Choosing The Right Workout Clothing
Choosing workout attire is not just about fashion, if you don’t buy functional clothing you and your chafed skin may later regret it.
The ideal garment will not leave sweat sitting on your skin but will draw it away from you and this moisture management is referred to as wicking. Not only will this be of value in terms of comfort in warmer environments but wet skin loses body heat around 20 times faster than dry, so this is of particular importance when training in colder conditions. Look out for fabrics such as DriFit or Coolmax that are designed especially for this purpose.
Baby it’s cold outside
During cold weather be cautious of allowing the core body temperature to drop too low, thus resulting in you becoming chilled. Layering clothing is advised so that, as the body becomes warm, outer layers can be removed before the under layers become wet from perspiration.
Start with a thin layer of thermal fabric (that traps warm air but releases moisture) next to the skin, followed by a warm synthetic such as a sweatshirt or fleece. All these layers should allow perspiration to escape so they need to be non-absorbent and dry quickly. Gloves and a hat are also advisable if the weather is very cold due to a lot of heat being lost through the hands and head.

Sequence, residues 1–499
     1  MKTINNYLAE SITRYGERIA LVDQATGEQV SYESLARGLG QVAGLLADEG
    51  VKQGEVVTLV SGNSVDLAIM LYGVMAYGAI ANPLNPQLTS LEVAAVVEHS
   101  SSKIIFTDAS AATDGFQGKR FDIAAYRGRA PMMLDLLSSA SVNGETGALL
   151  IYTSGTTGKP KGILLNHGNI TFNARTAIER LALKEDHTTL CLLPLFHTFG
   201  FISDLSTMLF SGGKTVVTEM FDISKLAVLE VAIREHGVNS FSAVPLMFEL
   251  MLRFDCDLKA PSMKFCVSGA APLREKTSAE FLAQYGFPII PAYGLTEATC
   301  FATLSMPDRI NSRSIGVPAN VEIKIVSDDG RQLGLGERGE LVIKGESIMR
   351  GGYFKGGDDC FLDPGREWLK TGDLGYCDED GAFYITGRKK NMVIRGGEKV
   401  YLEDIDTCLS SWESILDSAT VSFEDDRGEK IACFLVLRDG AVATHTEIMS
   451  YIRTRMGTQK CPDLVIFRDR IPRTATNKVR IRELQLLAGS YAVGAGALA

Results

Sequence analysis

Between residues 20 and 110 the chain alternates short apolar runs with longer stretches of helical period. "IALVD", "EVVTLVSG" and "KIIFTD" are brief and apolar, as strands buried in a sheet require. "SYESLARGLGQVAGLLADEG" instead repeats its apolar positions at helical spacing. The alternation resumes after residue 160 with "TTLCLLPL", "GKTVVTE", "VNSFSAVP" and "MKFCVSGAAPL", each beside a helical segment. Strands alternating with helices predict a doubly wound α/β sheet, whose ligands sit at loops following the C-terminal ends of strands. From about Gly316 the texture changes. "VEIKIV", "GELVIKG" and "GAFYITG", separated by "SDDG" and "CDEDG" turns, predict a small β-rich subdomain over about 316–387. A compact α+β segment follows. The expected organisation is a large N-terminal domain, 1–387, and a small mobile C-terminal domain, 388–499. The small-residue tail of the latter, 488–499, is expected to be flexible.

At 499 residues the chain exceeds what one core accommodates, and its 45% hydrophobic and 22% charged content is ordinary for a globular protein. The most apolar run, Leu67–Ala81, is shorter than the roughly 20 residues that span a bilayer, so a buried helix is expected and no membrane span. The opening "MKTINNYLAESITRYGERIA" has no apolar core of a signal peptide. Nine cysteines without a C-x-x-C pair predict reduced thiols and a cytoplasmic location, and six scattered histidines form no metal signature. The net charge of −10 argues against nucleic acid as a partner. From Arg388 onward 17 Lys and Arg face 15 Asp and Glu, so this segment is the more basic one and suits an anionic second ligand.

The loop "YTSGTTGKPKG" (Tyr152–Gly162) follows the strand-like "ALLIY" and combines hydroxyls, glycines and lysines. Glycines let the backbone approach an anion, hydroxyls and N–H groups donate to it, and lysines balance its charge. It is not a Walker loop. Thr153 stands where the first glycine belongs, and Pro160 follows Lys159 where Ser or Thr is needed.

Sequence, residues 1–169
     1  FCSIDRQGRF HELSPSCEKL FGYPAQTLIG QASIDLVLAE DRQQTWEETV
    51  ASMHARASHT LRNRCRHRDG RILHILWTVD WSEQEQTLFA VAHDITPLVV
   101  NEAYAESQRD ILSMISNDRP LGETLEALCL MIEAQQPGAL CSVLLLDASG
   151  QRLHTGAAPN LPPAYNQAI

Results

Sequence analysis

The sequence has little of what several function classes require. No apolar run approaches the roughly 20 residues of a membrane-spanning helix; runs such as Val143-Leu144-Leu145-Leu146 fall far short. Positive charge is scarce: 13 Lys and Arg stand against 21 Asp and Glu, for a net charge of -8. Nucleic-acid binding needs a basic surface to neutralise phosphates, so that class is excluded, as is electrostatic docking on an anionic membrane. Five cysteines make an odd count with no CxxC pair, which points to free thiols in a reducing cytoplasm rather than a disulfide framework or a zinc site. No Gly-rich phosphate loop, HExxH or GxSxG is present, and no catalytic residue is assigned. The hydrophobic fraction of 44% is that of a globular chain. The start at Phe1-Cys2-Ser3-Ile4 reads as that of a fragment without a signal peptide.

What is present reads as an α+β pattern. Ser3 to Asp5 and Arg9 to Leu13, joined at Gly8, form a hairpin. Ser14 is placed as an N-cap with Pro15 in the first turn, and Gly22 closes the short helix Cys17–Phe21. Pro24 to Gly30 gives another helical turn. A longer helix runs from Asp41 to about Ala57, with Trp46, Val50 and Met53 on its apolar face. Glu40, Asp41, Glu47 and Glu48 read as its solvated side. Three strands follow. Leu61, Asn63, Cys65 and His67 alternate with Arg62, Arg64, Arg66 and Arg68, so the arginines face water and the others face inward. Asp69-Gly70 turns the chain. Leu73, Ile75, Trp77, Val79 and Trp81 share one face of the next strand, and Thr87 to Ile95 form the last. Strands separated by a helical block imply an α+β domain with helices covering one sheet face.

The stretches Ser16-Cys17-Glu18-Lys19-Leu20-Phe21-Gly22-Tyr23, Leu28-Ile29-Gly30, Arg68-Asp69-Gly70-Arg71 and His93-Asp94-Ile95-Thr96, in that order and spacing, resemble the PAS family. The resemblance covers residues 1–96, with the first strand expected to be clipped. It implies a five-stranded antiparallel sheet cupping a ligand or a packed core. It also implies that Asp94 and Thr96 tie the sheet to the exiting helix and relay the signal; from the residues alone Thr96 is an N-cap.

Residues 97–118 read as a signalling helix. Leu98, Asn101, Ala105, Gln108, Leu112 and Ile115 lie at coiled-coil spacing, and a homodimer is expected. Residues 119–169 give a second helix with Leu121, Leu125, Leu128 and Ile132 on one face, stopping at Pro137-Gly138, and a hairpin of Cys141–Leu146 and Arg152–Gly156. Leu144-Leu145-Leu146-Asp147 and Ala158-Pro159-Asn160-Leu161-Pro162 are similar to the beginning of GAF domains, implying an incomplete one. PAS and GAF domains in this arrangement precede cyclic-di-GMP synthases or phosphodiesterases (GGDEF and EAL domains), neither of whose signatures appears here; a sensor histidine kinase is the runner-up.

It’s estimated that around 75% of women do not wear a correctly sized bra. A sports bra can provide support in two ways, either via compression to hold your breasts against your chest and limit motion or by encapsulation, closely surrounding the tissues. Movement should be minimal, even during vigorous exercise and the ideal fabric should be a soft, wicking material.
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An important element here is to know your own feet as this will determine what you should look for in a shoe. If you’re flatfooted you need a shoe to control lateral motion, featuring a denser mid-sole, especially around the inner edge, together with a firm heel brace to prevent rear foot movement. Feet with high arches are not great for shock absorption so look for extra cushioning plus flexibility in the sole to allow weight to be transferred through the foot. If you don’t exhibit either of the above, then simply choose your hoes based on comfort and fit.
Cross to bear
The ideal choice of footwear is the aptly named cross-trainer, featuring a multi-purpose outsole to give versatility while breathable uppers lend comfort. They tend to be wider than running shoes, giving extra stability but as a result are usually heavier.
When shopping for training shoes, wait until late in the day, as your feet expand so will have swollen to about the size they will be when they expand due to heat when you exercise. Also, take your old trainers so shop staff can see how they’ve worn.